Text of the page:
A 78rpm record titled " Another Year " . The record is held in a cardboard cover, with a paper sleeve inside it and accompanied by a cardboard lyric sheet. The record itself features a paper label with " HIT SINGLES " written in large red capitals along with a drawing of a smoking revolver. Side 2 features the same text with a man, who has apparently been shot. Both of these labels also feature track listings in grey text. Side 1 of the record features the tracks " YOU'LL NEVER KNOW " " ISN'T THAT STRANGE " " COULD IT BE INCREASED " . Side 2 features " DIFFICULT DAYS" and "OUT OF MY HANDS" .The black cover features a photograph of a spartan room and a seated figure. " another year / nocturnal projections " is written in white on the cover. The reverse features track listings and production details in white text and a scene of a manipulated photograph of a woman sitting amongst rows of empty seats. "ANOTHER YEAR NOCTURNAL PROJECTIONS HIT 001" is written on the spine of the cover. "L. FRANKLIN" is handwritten in black on the cover.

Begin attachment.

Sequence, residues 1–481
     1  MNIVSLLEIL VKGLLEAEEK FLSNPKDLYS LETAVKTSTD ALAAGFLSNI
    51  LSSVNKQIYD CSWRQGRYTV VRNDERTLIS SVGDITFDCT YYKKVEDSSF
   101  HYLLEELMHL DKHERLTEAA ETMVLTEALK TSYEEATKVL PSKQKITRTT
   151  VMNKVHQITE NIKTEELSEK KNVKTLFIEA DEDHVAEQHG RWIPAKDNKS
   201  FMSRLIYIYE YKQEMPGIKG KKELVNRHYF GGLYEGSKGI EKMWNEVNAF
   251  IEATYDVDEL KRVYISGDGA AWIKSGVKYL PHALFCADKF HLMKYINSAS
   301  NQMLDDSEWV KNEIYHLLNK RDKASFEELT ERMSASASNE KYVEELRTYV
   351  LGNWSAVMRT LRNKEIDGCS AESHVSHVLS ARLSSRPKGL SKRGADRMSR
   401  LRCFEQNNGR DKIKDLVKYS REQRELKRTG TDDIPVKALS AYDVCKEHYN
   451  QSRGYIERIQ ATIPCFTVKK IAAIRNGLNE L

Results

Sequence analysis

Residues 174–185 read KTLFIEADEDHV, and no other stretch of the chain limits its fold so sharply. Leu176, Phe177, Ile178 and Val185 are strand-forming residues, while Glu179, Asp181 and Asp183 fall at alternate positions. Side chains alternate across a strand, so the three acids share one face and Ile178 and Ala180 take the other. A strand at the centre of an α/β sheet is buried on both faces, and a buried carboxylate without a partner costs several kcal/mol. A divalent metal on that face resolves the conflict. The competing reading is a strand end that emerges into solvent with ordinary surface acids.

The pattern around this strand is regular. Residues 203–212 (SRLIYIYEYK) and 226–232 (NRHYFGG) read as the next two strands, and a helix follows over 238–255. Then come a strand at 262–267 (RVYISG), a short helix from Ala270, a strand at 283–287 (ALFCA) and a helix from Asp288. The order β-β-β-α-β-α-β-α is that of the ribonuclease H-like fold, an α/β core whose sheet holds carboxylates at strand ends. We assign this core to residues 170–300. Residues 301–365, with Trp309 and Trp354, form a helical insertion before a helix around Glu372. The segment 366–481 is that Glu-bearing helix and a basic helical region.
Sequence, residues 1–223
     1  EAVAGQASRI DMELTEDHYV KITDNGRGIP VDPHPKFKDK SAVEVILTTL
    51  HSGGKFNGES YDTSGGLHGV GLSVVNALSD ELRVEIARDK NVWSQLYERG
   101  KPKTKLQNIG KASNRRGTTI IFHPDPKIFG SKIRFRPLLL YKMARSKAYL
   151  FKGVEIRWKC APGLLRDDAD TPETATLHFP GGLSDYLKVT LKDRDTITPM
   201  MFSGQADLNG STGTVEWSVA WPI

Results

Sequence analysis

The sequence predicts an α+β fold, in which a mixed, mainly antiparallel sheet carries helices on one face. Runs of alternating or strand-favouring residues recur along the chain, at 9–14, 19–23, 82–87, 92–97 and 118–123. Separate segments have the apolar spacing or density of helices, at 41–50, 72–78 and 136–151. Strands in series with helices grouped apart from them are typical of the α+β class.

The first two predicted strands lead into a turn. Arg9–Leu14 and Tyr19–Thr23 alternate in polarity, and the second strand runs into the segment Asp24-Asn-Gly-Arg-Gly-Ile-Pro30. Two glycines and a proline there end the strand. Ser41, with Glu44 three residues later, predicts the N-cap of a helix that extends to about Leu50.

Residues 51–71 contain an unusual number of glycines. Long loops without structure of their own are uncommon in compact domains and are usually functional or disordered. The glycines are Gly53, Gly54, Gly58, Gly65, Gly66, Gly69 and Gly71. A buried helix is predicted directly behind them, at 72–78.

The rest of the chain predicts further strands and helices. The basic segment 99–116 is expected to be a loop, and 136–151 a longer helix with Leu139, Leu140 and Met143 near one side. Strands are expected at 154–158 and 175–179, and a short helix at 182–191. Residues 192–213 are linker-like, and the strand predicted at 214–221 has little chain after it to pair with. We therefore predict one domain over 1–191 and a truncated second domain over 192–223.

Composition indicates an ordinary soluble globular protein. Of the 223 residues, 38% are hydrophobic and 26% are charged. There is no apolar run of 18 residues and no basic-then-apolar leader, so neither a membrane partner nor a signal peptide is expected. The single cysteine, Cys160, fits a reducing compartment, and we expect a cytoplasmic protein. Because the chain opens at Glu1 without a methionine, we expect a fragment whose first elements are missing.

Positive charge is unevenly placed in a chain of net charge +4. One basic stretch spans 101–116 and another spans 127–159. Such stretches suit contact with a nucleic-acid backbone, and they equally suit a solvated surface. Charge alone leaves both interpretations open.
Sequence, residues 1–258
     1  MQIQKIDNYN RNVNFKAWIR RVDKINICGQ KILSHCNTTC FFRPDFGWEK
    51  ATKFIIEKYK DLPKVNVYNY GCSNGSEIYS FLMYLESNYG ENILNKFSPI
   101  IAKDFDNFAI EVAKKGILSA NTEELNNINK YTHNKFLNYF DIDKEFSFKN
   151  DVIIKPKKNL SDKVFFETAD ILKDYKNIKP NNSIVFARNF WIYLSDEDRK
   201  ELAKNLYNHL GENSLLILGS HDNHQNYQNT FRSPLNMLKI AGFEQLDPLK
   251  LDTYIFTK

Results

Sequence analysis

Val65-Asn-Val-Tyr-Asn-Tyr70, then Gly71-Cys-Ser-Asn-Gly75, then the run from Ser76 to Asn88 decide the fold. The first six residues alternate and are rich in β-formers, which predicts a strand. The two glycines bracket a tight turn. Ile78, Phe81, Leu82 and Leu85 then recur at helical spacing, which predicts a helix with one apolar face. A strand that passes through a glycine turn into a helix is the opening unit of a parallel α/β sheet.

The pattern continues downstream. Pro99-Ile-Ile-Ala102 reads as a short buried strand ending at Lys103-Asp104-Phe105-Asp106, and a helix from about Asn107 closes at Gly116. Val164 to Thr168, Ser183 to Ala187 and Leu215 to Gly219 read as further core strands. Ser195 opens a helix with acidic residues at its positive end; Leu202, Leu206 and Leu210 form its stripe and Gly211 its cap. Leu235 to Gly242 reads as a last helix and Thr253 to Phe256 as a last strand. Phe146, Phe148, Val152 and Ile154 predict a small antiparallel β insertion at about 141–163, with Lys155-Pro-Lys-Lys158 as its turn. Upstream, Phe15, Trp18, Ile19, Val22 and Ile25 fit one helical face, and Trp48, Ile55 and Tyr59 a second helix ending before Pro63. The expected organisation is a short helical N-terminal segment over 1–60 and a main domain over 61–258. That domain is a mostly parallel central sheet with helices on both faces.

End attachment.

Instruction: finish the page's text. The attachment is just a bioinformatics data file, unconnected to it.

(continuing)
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The members of Nocturnal Projections became involved with the New Zealand indie scene at its earliest stages, in1981 (the same year Flying Nun was established). Nocturnal Projections in particular is noteworthy because it is an early and influential form of 1980s New Zealand styled indie music which goes in a different direction than the jangly, bright, direct pop music that Dunedin became famous for. Nocturnal Projection is driving post-punk, with percussion-driven songs revolving around repetitive yet deceptively musically sophisticated riffs. It is recognisably music of the New Zealand scene, especially in how it is recorded: a direct, intimate, unadorned sound, but with a mood and themes closer to the darkness of Joy Division and The Velvet Underground than the lighter music New Zealand later became famous for.
Nocturnal Projections split in 1983, with Peter and Graeme Jefferies forming their own band, This Kind of Punishment, with Peter then pursuing a solo career and teaching music in Taranaki, while Graeme went on to form well known indie project The Cakekitchen.